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Federal judge orders Sun Life to re-evaluate long-term disability benefit denial

When Vickie Costello left work on May 19, 2006, after a stressful encounter with one of her co-workers, she had no idea that her problems were going to get even worse. In order to return to her job at Logan Aluminum, Inc., her employer required her to sign a “last chance agreement.” Already suffering from debilitating pain for which she had been under a physician’s care since 1999, Ms. Costello felt that this event marked the time to claim disability through her employer’s long-term disability plan with Sun Life Assurance Company.

Sun Life’s policy stated that if Costello became disabled and could not perform the “material and substantial duties of her occupation” that she would be entitled to  disability benefits for 24 months. At the end of 24 months, she would have to prove that she was “unable to perform the material and substantial duties of ‘any gainful occupation” in order to remain eligible for disability benefits.

She filed her claim with Sun Life for long-term disability on November 17, 2006. She also applied to Social Security for disability benefits. Social Security approved her application for disability.

In support of her application to Sun Life, she presented a written statement from a Dr. Simms, the doctor who had been treating her since 1999. In his statement, her doctor indicated that he had been treating her for rheumatoid arthritis, fibromyalgia, and chronic fatigue. Dr. Simms stated that Costello should not be required to grasp or manipulate objects with her hands, and that she could only be expected to engage in limited activities requiring bending, squatting, climbing, twisting, pushing, pulling, balancing, kneeling, crawling or lifting of weights of less than 10 lbs.

Sun Life denied Costello’s disability claim on January 16, 2007. The reason given? A Sun Life nurse determined that Dr. Simms had not adequately supported his claim that Costello was no longer able to work.

Costello appealed the denial, supplying notes from her December 14, 2006 appointment with Dr. Simms. She also supplied a letter from Simm’s qualified physician’s assistant, dated February 9, 2007, which stated that Costello did indeed have “severe rheumatoid arthritis” and that she “would be unable to return to any type employment.” She also presented a letter from another physician, Dr. Cudapagh, who was treating her for fibromyalgia and chronic fatigue. This letter, dated April 19, 2007, stated that the “demands of working full time” exceeded “her functional and cognitive abilities.”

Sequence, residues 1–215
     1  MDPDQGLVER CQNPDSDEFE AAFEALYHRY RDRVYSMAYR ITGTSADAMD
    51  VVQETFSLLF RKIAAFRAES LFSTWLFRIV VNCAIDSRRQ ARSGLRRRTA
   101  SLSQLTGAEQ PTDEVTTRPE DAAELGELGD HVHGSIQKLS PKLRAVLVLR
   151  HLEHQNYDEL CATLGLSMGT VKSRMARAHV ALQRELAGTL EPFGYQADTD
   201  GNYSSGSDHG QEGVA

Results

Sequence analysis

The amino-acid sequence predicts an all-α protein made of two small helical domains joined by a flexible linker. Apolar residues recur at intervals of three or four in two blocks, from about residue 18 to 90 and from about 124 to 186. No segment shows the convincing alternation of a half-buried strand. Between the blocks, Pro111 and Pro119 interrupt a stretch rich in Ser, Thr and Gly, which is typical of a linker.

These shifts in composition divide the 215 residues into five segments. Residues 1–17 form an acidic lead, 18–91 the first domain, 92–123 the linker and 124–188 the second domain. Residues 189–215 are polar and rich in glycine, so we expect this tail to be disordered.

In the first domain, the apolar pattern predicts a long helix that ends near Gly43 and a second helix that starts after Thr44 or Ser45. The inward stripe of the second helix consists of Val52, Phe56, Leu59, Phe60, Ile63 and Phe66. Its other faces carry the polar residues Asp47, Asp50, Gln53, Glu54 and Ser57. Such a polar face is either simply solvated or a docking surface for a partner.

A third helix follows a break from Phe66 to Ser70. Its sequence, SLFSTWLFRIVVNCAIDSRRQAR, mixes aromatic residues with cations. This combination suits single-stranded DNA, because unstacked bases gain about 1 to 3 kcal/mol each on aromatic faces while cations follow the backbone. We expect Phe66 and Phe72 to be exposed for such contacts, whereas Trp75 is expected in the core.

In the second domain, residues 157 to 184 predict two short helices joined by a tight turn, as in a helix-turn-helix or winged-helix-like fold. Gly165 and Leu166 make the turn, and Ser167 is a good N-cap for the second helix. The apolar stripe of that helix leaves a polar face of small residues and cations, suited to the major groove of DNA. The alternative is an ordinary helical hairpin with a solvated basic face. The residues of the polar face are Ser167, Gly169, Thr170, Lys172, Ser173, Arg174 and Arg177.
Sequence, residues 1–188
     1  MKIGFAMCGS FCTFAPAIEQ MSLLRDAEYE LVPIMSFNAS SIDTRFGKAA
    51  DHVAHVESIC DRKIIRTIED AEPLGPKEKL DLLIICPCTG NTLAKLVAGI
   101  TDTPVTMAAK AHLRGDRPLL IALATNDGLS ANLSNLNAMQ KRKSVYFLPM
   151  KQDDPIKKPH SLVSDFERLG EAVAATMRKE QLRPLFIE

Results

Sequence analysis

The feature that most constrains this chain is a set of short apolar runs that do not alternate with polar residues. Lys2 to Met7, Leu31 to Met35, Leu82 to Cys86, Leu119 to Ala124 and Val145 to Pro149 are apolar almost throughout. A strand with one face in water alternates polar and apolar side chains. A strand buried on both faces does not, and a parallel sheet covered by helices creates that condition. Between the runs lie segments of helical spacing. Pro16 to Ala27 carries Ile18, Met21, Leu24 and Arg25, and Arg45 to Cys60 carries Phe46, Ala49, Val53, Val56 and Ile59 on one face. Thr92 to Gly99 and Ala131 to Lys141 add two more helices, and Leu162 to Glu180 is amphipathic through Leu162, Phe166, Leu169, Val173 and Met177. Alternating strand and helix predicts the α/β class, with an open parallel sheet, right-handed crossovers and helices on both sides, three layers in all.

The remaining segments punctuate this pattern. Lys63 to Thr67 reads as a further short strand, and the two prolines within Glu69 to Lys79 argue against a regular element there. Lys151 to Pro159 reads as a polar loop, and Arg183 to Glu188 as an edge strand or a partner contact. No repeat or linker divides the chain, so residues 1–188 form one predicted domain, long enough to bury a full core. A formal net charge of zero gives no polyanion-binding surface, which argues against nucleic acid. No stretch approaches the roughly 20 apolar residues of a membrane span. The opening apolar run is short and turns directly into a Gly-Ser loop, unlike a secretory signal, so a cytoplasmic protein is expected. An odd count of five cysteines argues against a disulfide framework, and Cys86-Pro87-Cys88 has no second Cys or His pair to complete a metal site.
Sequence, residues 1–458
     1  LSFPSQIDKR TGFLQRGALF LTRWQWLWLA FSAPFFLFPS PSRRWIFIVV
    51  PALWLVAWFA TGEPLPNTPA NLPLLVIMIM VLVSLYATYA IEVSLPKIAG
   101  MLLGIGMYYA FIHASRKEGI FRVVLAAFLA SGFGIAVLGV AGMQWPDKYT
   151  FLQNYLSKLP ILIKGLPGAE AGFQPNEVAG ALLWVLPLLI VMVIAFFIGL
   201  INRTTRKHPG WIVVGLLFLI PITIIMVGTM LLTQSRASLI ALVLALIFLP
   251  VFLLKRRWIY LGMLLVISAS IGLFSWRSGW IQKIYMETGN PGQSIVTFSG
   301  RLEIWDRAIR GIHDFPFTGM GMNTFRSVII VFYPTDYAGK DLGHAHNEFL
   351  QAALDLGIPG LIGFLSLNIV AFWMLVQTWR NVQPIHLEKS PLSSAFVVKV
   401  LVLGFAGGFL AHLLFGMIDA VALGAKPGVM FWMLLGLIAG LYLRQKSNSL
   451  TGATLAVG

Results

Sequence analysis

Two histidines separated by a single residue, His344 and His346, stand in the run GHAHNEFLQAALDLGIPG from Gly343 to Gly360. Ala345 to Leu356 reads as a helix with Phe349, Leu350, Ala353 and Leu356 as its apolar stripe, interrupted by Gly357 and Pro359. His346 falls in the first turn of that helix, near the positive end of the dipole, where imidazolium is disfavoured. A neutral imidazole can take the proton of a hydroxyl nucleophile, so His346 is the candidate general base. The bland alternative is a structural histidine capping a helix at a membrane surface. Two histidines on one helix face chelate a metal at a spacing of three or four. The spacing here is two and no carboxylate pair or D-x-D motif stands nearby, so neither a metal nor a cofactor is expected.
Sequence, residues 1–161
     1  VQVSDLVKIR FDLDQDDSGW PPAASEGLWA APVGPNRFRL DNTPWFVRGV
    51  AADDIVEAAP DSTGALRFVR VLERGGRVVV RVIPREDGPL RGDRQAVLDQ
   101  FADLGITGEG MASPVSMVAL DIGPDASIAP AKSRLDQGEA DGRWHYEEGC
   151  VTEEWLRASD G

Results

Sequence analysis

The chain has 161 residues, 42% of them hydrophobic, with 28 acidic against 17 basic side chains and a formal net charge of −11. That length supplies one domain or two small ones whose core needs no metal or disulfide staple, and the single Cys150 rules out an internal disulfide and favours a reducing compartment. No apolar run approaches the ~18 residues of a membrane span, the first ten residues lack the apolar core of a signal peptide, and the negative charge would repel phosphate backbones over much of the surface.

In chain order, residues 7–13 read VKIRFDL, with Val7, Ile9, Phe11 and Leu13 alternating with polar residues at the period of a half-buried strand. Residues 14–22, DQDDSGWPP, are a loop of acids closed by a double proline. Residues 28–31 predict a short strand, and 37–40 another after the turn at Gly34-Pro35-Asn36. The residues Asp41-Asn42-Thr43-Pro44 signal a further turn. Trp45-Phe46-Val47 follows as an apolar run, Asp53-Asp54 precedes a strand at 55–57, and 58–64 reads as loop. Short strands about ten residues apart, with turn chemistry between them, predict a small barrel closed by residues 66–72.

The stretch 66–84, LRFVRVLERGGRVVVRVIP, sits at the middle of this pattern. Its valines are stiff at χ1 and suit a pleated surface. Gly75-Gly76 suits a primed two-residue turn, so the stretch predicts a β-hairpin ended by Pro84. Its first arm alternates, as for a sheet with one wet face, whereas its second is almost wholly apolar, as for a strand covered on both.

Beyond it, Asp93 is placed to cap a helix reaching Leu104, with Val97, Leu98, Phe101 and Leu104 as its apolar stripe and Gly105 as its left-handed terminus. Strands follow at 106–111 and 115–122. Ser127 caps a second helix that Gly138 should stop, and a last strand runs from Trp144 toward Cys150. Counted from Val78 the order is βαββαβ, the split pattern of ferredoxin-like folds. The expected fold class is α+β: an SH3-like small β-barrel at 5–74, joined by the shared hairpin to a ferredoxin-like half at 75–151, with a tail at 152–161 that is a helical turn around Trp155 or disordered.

In response, Sun Life hired a board certified rheumatologist, Dr. Ash, to review the documentation that Costello had provided. Dr. Ash concluded from the documents, that Costello didn’t have rheumatoid arthritis severe enough to prevent her working and that fibromyalgia would not be aggravated by her routine work duties, and that chronic fatigue was medical fiction. Based on Dr. Ash’s findings, Sun Life denied Costello’s appeal on June 1, 2007.

Ms. Costello had only one option remaining. File a lawsuit. In the suit, her attorneys argued that Sun Life had denied her claim for long-term disability benefits arbitrarily and capriciously.

  1. Sun Life had discretionary authority to both interpret and apply the plan, but failed to offer a reasonable explanation, based on the evidence for their denial of Costello’s claim.
  2. Sun Life had failed to recognize the acceptance of Costello’s disability claim with Social Security.
  3. Sun Life had used the opinions of two professionals who had never examined Costello, but rather accepted their evaluations of the information submitted by her physicians.

Here is how the court ruled

The courts found that Sun Life had acted in an arbitrary and capricious manner because:

  1. Sun Life’s position as both the administrator of the disability insurance plan and decision maker as to whether Costello qualified for disability insurance presented a conflict of interest.
  2. While Sun Life’s argument that the rules for acceptance to receive coverage under Social Security were different than the rules established for acceptance under their policy was recognized, the court felt that the discrepancy between the decisions was “far from meaningless” especially because Costello was required to apply for Social Security disability at the same time as she made her claim with Sun Life.
  3. Sun Life’s failure to require an independent examination into Costello’s condition suggested that Sun Life’s denial was arbitrary and capricious. While in many cases, a review of the claimant’s medical records might have been acceptable, because Dr. Ash discredited statements relating to Costello’s pain without examining her, the court found Sun Life’s decision was not reasonable.

The court found Sun Life’s explanation for why they denied Costello’s claim unreasonable. The court concluded that Sun Life’s argument that the evidence did not support that Costello had enough swelling or joint erosion to cause debilitating pain was faulty. The court ruled that Sun Life had been arbitrary and capricious in its decision and that the reasoning process for denying the claim had not been deliberated and principled.

At the same time, the court did not find the record clearly established Costello’s disability. As a result, the case was remanded back to Sun Life for a full and fair review. The decision making went back to the company that had a conflict of interest. Costello may have to file another suit if Sun Life denies her claim again.  Sadly, Costello won the battle, but she may lose the war if her claim is not approved.

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